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Explained: What were Gandhi’s, Nehru’s and Tilak’s views on sedition law

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Gandhi refused to plead innocent to the charge of spreading disaffection (sedition)

New Delhi, May 13: Earlier this week, the Supreme Court paused the sedition law and stayed all pending trials, appeals and proceedings relating to Section 124A of the Indian Penal Code (IPC), which deals with sedition.

Explained: What were Gandhi’s, Nehru’s and Tilak’s views on sedition law

The stay was granted while hearing petitions challenging the British era law which was used against several leaders of India's freedom struggle. During the arguments, senior advocate, Kapil Sibal quoted statements of Mahatma Gandhi and Jawaharlal Nehru on the sedition law and said that they wanted the provision struck down.

Mahatma Gandhi:

After Mahatma Gandhi wrote three articles in his weekly Young India, he was charged with sedition. The proprietor of the newspaper, Shankerlal Banker was also charged under Section 124A of the IPC.
Gandhi refused to plead innocent to the charge of spreading disaffection (sedition) He said that it was his moral duty to disobey unjust laws.

"Affection cannot be manufactured or regulated by law. If one has no affection for a person or system, one should be free to give the fullest expression to his disaffection, so long as he does not contemplate, promote, or incite to violence. But the section under which Mr Banker and I are charged is one under which mere promotion of disaffection is a crime. I have studied some of the cases tried under it (Section 124A) and I know that some of the most loved of India's patriots have been convicted under it. I consider it a privilege, therefore, to be charged under that section," Gandhi had said.

Sedition has become the creed of the Congress. Every non-co-operator is pledged to preach disaffection towards the Government established by law. Non- cooperation, though a religious and strictly moral movement, deliberately aims at the overthrow of the Government, and is therefore legally seditious in terms of the Indian Penal Code," Gandhi had written in his article,, 'Tampering with Loyalty."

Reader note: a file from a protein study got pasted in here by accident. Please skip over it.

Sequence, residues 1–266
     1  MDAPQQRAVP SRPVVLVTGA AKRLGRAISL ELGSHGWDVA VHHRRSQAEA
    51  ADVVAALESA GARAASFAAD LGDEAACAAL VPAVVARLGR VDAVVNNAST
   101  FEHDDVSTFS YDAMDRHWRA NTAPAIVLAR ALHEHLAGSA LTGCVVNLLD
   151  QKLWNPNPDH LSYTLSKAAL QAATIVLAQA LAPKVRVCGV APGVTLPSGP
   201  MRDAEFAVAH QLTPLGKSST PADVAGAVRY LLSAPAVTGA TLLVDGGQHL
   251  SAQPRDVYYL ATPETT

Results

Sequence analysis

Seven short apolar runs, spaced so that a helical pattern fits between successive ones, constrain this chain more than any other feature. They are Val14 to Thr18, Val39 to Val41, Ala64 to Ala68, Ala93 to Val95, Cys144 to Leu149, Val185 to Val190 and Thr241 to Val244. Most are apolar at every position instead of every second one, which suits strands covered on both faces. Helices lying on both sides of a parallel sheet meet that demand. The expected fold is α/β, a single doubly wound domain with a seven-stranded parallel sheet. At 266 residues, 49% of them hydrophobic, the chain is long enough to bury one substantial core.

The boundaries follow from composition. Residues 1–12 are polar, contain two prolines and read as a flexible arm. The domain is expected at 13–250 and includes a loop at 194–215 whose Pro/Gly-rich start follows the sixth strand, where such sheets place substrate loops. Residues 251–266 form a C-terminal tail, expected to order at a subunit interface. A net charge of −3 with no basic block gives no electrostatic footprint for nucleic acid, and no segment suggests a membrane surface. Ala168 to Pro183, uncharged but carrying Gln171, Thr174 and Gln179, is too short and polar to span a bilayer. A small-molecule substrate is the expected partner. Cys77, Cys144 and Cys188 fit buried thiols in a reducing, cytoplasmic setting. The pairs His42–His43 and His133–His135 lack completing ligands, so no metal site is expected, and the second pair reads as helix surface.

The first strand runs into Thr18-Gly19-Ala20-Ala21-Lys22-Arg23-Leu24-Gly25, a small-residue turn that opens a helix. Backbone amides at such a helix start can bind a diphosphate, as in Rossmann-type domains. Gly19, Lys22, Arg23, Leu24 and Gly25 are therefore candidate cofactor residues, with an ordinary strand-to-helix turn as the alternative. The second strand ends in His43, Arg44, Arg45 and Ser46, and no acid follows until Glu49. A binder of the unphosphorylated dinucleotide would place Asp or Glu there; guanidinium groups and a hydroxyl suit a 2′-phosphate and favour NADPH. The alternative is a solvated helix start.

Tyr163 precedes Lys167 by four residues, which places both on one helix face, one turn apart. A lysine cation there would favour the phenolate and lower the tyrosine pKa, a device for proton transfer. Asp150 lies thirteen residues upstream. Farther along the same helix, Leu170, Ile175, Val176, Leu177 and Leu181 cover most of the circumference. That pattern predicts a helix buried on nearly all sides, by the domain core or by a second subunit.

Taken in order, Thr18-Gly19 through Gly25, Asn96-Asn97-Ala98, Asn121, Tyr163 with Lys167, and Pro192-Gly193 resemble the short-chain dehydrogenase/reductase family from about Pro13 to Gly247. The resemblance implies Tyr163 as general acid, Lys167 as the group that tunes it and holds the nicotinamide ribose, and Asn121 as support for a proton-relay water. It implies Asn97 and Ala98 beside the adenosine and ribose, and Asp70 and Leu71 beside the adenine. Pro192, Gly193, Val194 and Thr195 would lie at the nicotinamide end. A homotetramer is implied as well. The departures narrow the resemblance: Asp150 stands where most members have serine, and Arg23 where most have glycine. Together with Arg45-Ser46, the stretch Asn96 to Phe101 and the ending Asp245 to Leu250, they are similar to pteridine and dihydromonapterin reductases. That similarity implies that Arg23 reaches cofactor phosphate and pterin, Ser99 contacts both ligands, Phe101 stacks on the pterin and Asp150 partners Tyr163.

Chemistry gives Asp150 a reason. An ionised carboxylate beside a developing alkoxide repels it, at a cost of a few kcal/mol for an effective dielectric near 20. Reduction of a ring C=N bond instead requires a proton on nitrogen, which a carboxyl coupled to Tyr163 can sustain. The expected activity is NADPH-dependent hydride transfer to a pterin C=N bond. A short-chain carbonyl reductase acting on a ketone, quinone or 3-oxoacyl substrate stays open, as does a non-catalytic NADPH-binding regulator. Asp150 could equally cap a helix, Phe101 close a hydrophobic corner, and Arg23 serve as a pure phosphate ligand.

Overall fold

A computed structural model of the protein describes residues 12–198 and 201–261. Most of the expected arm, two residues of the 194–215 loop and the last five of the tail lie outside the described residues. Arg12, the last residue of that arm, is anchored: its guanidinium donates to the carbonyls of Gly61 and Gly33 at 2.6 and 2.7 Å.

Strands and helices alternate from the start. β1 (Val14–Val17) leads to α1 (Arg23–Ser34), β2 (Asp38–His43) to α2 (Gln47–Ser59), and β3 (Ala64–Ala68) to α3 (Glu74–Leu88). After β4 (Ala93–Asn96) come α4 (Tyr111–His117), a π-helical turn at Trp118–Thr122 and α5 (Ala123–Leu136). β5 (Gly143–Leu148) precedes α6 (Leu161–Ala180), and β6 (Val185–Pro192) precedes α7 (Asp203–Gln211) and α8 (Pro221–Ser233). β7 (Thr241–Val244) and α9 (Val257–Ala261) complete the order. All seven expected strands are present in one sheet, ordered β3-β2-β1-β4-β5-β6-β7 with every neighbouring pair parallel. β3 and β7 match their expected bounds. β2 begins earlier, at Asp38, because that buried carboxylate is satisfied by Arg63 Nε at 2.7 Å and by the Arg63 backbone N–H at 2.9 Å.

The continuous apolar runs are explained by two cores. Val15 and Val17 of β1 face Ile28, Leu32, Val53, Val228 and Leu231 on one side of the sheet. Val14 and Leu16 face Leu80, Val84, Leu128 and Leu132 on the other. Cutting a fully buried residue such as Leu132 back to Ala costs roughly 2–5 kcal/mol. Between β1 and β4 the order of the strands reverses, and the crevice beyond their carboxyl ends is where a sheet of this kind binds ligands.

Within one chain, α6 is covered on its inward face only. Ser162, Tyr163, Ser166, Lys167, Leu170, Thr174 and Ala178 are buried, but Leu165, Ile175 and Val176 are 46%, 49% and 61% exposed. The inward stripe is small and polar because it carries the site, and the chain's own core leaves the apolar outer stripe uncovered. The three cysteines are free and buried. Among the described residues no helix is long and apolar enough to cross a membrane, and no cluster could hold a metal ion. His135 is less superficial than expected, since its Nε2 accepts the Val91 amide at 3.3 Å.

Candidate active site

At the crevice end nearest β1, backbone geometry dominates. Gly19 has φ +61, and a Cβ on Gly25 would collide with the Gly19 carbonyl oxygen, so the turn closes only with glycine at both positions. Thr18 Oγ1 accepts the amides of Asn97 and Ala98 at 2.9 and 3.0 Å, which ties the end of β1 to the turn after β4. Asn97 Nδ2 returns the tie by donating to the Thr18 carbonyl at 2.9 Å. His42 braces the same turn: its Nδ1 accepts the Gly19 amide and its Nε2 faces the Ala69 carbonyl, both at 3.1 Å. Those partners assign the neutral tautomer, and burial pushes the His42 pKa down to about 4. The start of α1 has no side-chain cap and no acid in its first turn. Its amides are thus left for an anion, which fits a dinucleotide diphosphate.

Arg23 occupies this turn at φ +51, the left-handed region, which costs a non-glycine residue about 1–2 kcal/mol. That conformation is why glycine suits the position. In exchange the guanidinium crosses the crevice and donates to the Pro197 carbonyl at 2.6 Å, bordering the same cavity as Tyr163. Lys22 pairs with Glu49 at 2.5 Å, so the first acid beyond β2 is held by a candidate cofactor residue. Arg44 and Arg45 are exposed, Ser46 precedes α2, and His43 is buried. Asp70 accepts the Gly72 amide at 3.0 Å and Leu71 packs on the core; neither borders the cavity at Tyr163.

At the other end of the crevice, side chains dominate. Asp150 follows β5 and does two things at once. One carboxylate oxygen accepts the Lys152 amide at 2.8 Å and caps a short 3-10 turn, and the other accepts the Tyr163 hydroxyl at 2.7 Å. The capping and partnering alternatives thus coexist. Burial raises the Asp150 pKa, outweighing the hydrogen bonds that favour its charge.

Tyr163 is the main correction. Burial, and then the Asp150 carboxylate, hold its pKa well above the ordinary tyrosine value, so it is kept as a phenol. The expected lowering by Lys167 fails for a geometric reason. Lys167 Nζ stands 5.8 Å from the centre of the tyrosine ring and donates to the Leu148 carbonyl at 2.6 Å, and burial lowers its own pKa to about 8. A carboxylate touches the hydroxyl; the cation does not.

Jawaharlal Nehru:

In 1930, Nehru was charged with sedition. He too did not plead guilty. He told the magistrate, " "There can be no compromise between freedom and slavery, and between truth and falsehood. We realised that the price of freedom is blood and suffering the blood of our own countrymen and the suffering of the noblest in the land and that price we shall pay in full measure."

This was also quoted in the book The Great Repression: The Story of Sedition in India written by Chtiranshul Sinha.

Nehru had said during the debate on the First Amendment that imposed reasonable restrictions on the fundamental right of freedom of speech and expression under Article 19(1)(A), " take again Section 124A of the Indian Penal Code. Now so far as I am concerned that particular section is highly objectionable and obnoxious and it should have no place both for practical and historical reasons, if you like, in any body of laws that we might pass. The sooner we get rid of it the better."

Lokmanya Tilak:

Lokmanya Bay Gangadhar Tilak was tried thrice under the sedition law and was imprisoned twice. In 1897, he was charged with sedition for "exciting and attempting to excite feelings of disaffection to Government by the publication of certain article, in the Kesari in its issue of the 15th June 1897". Keshri was a newspaper run by Tilak.

In 1908 two teenage revolutionaries Khudiram Bose and Prafulla Chaki accidentally killed two European women in a bomb attack in Muzaffarpur while targeting the British magistrate Douglas Kingsford. While Chaki shot himself before he was arrested, Bose was arrested and hanged. Tilak published a strong defence of the two and was immediately arrested.

In July 1908, Tilak was accused of "bringing into hatred and contempt, and exciting disloyalty and feelings of enmity toward His Majesty and the Government" through his writings in Keshri.

    Congress: 'One family, one ticket' rule in focus, but Gandhis likely to be exception | Oneindia News

    He had written that this no doubt will inspire many with hatred against the people belonging to the party of rebels. It is not possible to cause British rule to disappear from the country by such monstrous deeds. But rulers who exercise unrestricted power must always remember that there is a limit to the patience of humanity.

    While refusing a lawyer, Tilak defended himself by attacking the sedition charge. He said that as a British subject he was entitled to certain legal rights, such as freedom of expression which were being denied. "The point is whether I was within my rights, and whether a subject of His Majesty in India can or cannot enjoy the same freedom which is enjoyed by British subjects at home and Anglo-Indians out here," he said in court.

    Tilak was however found guilty and sentenced to six years imprisonment with transportation.

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